As captain, my proudest moment was not standing on the podium or winning team omnium. It was being able to watch so many MIT racers cross the finish line with a smile on their face. I am proud of the joy I have brought to each and every student who raced this season, because Mountain Biking is truly a unique sport and one that I’m so happy to be able to share with so many of my teammates.
This blog post brought to you by, yet again, a first-time MIT racer, Lucy Archer:
The Bruises Mean I’m Doing it Right… Right?
Following on a theme, Beth managed to convince me to come out and race the event MIT hosted this year, the Sliderule Shredfest, last weekend. Honestly I didn’t need that much convincing, mostly encouragement, but I got what I needed and with about 45 minutes of practice along the Charles I headed out to Charlemont on Friday evening. I had been promised rain, bbq, beer, fun, mud, and bruises (not necessarily in that order, of course), and the weekend definitely did deliver!
Provided we don’t count the weekend with my parents in Tahoe when I was 12, or the 45 minutes along the Charles last Thursday, my first time on a mountain on a mountain bike was Saturday morning’s cross country race, the second time was for short track, and the third was for the team relay. I’m not quite sure what I was expecting, though I don’t think it involved quite as much climbing as the XC course started with! Luckily I was behind most of the other Women’s B racers and, following their lead, I walked (I’d rather say I sprinted, but it wouldn’t be true) up the mountain with my bike in the hope that it would get better. It definitely got better, and I managed to almost fall off the mountain only a few times! The second lap went better and faster (I think…), though apparently once a little too fast, as I learned my first lesson of non-road riding: the endo. No harm done to either me or the bike though, and apparently I came in third! Not too bad for my first time on a mountain on a mountain bike.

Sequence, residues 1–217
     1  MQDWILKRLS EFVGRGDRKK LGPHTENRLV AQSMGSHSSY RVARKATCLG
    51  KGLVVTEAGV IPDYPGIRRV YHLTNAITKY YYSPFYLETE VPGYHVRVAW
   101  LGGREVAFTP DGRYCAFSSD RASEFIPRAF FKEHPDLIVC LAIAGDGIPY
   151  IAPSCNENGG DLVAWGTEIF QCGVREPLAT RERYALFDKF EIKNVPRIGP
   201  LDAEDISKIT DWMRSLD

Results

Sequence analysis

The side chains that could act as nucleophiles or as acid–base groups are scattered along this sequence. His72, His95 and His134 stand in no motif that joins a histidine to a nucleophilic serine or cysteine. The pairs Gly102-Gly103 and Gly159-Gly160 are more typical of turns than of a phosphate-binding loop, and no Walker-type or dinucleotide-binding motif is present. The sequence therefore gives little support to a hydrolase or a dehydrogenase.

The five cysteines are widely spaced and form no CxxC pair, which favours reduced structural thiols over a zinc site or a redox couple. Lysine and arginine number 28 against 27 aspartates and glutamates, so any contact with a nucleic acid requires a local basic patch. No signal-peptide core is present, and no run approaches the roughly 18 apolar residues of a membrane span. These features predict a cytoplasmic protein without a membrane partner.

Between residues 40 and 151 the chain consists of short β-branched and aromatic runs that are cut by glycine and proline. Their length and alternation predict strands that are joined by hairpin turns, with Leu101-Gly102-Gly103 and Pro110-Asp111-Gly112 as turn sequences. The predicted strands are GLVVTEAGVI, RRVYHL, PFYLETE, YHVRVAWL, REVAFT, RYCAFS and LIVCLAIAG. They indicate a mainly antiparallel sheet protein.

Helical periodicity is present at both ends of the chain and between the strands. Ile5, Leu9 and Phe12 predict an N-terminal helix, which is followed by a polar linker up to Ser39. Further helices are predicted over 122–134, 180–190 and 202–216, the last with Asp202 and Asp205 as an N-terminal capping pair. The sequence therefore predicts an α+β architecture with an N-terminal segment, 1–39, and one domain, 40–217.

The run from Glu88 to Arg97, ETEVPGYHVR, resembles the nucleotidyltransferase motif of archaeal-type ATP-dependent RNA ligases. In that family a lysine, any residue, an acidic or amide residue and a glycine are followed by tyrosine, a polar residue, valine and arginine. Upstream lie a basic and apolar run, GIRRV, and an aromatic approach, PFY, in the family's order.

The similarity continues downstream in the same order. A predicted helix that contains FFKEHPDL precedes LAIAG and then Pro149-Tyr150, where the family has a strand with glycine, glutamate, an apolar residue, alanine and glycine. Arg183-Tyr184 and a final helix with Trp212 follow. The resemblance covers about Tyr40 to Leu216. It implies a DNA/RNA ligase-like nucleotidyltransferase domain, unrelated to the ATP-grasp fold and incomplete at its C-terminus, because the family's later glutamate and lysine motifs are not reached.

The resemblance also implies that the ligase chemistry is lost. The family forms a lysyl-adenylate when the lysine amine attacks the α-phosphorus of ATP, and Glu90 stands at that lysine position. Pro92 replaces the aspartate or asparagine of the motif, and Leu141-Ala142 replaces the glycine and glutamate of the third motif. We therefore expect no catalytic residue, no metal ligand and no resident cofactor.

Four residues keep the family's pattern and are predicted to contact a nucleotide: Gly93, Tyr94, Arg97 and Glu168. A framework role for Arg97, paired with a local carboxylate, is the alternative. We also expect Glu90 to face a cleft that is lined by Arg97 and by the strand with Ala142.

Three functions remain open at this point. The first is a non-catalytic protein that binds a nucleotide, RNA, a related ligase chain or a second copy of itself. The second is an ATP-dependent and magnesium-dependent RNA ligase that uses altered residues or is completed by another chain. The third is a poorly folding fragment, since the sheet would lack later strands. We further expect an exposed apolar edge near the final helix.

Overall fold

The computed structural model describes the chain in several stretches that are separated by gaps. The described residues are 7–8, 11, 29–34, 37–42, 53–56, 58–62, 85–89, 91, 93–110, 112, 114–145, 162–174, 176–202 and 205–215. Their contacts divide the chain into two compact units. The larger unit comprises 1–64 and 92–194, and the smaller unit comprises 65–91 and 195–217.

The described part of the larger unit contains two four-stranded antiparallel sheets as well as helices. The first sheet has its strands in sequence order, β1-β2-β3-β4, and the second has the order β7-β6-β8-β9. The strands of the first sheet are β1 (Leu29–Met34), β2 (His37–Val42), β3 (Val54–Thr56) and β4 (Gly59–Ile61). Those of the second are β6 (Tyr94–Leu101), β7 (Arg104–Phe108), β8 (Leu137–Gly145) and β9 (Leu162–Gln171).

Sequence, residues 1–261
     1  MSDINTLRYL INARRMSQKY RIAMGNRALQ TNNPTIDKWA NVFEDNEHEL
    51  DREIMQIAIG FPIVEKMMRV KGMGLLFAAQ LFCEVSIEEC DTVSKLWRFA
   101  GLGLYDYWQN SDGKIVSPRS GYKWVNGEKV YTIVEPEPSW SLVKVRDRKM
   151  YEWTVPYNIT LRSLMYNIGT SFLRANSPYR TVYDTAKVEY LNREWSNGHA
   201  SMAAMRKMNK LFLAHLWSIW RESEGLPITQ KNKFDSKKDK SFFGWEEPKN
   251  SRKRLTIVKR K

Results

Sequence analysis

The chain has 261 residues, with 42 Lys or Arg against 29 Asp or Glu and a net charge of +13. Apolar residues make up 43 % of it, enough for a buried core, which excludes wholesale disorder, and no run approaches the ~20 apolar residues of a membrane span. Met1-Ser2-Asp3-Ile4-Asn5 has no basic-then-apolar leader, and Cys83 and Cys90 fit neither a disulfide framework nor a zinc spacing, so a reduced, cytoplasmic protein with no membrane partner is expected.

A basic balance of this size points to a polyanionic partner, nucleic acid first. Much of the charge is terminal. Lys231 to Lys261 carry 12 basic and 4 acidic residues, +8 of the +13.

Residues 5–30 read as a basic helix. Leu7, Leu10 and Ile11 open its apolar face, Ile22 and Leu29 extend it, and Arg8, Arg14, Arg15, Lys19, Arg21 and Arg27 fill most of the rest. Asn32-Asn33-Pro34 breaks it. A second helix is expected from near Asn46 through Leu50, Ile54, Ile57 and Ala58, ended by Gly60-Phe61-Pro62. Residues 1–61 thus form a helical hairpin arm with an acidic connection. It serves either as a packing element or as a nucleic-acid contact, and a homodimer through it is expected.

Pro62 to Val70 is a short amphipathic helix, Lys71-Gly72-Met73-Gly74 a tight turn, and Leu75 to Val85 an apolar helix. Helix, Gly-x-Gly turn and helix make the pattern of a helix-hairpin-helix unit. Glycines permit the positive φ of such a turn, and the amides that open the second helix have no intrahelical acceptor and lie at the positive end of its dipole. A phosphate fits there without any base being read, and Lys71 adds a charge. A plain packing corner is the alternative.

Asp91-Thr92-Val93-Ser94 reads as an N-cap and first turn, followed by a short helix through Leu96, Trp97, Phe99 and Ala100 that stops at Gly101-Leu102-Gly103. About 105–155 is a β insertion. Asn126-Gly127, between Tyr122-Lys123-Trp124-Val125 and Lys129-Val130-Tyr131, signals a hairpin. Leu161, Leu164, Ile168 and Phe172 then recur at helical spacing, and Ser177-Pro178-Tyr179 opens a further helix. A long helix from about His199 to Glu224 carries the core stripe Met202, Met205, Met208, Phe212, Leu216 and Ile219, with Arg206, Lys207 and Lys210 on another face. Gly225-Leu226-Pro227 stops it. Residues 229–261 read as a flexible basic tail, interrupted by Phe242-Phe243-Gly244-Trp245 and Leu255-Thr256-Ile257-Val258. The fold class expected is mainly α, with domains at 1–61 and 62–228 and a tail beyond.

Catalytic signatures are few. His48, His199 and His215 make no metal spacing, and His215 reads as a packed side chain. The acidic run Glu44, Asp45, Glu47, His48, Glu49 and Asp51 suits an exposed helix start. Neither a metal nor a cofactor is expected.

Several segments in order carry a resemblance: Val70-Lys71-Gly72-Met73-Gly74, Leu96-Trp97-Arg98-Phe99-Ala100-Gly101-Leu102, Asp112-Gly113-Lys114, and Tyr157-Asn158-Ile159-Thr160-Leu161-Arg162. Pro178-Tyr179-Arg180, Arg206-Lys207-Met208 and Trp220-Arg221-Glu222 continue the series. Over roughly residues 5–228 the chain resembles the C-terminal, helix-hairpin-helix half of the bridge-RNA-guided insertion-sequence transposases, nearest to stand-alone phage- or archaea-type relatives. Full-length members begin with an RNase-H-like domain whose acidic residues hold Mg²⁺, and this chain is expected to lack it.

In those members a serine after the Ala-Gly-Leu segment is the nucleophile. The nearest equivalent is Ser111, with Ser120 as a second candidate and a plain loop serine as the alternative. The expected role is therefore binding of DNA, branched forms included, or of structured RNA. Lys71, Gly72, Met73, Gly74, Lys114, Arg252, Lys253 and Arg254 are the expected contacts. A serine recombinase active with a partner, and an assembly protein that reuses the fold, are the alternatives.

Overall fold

After three hours standing in the rain watching the A and B racers race, and a brief visit to the six inch deep mud puddle that was the bottom of the Dual Slalom course, it was back to the lodge (yes, there was real shelter for the weekend, it was nice and dry), we made the discovery that there was both a washing machine and a dryer, which meant that I’d have clean, dry kit forSunday! The hot showers were also a wonderful, glorious thing. The evening was beer and lots of bbq, including burgers, chicken, brats, and ribs. There was a reasonable amount of social time, until I realized that I was curled up in a corner falling asleep and retreated upstairs to sleep.